Bigger text, zoom features, voice typing, and screen readers for Android phones and iPhones can make life easier, even if you don’t have serious visual impairments By Melanie Pinola
November 12, 2022
“I’ve never looked through normal eyes,” says John-Ross Rizzo, MD, who was born with a retinal dystrophy, a progressive eye disease that currently has no cure, and is legally blind.
As an associate professor at the NYU Tandon School of Engineering, Rizzo works on tech initiatives to improve the lives of people with blindness and low vision. His projects include everything from wearable technology to help people navigate cities during a commute, to an app repository (or app store) for the visually impaired.
They’re not as sophisticated as Rizzo’s innovations, but modern smartphones can also ease many daily tasks for the visually impaired.
To start, Rizzo says, today’s jumbo phone screens can make a big difference. “More pixels for low vision usually means better, because you have a bigger canvas.”
In addition, both Android phones and iPhones let you increase text and icon sizes, have onscreen text read aloud, and adjust other settings. They even have braille keyboards, built right into the operating systems.
You don’t have to consider yourself visually impaired to benefit from some of these features. Even though I am legally blind in one eye and need reading glasses to use my phone, I’ve been getting by for years without traipsing into the accessibility settings territory. As it turns out, I could’ve made my life a whole lot easier if I knew about some of these options, particularly making text all bold and switching to dark mode.
Here are some of the major phone settings to check out. They fall into three main categories: making the screen easier to see, relying more on sound, and using the phone to help you see street signs and other objects beyond the phone itself.
Make Your Screen Easier on Your Eyes
Android phones and iPhones both include lots of accessibility options, but every option won’t help every phone user. “Blindness isn’t a one size fits all model, but rather a multiheaded hydra,” Rizzo says. And that goes for many eyesight challenges. It’s important to experiment until you discover what works best for you, rather than just turning on all the accessibility settings.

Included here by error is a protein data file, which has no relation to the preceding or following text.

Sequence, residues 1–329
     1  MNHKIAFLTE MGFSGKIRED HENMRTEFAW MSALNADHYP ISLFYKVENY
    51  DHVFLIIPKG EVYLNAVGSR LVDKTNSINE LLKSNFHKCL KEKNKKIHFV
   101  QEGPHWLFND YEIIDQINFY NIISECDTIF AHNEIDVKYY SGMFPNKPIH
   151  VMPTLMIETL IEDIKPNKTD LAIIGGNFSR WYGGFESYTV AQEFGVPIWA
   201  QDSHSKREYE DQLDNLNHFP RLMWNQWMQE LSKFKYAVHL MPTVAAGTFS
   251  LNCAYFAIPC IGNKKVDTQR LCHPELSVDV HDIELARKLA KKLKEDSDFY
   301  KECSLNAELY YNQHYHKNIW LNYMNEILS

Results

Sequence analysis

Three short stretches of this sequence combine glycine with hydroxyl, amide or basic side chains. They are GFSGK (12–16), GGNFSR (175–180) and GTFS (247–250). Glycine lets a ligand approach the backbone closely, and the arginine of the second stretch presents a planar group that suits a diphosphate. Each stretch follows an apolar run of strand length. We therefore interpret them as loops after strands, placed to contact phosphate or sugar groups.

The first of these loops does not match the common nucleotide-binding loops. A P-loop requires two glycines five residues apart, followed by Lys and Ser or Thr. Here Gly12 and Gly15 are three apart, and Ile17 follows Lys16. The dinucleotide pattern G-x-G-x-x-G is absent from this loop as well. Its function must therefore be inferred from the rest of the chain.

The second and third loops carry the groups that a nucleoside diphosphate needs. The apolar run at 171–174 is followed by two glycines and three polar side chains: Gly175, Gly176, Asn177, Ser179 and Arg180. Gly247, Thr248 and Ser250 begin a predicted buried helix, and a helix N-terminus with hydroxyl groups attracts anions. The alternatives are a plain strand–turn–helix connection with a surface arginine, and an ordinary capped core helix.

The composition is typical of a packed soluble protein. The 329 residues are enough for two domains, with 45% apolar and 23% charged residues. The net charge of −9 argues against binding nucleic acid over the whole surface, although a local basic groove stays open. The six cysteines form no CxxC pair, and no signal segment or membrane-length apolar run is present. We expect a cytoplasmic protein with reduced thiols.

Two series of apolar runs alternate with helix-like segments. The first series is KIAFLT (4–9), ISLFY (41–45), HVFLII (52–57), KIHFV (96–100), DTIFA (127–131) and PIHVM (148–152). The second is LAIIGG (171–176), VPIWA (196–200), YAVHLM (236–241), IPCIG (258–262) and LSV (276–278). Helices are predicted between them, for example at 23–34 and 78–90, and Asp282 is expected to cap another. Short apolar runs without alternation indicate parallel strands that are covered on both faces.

Use Bold Text and Increase the Font Size
Changing to bold and larger lettering can make the text stand out more not just on emails, text messages, and web pages, but on the onscreen keyboard, too.
On Android: Go to Settings > Display size and text. Toggle on “Bold text” and use the slider to make the font size bigger. Samsung Galaxy phone owners should find this feature under Settings > Display > Font size and style.
On iPhone: Go to Settings > Accessibility > Display & Text Size. Toggle on “Bold Text.” Next, tap “Larger Text” to turn on Larger Accessibility Sizes. You can use the font slider to adjust the reading size.
Make App Icons Bigger
This makes app icons easier to find and tap.
On Android: Go to Settings > Wallpaper & style > App grid. Select a grid with fewer columns and rows. Samsung Galaxy owners can go to Settings > Home screen and adjust the grid for the home screen, apps screen, and folder grids.
On iPhone: Go to Settings > Display & Brightness > Display Zoom. Select the screen with the zoomed display and tap Set. This will not only increase the size of Home screen icons, it will also enlarge the size of objects and text in apps, such as chat message boxes. Zoom In on the Screen
This is helpful for seeing any part of your screen, not just app icons.
On Android: Go to Settings > Accessibility > Magnification. Turn on “Magnification shortcut.” With the shortcut, you can tap the accessibility button at the bottom right of the screen, press and hold both volume buttons, or triple-tap the screen. See Google’s support page for more things you can do with Magnification. Samsung phone owners will find this feature under Settings > Accessibility > Visibility enhancements.
On iPhone: Go to Settings > Accessibility > Zoom. Toggle Zoom on. Now you can double-tap with three fingers on the screen to zoom in.
High-contrast themes improve the legibility of the screen by making text stand out more from the background. It can also lessen the stress on the eyes when you’re in a low-light environment.
On Android: Go to Settings > Accessibility > Display size and text. Toggle “High contrast text” on.
On iPhone: Go to Settings > Accessibility > Display & Text Size, and select “Increase Contrast.” Use Dark Mode
A dark color scheme can make reading easier for many people, especially in low-light situations.
On Android: Go to Settings > Accessibility. Under “Color and motion,” toggle “Dark theme” on. On iPhone: Go to Settings > Display & Brightness, and select “Dark.”
Some apps use blurred or transparent backgrounds and effects, which can make text harder to read. When you turn on reduce transparency, it will improve legibility-and it can also speed up your phone a bit and save battery life.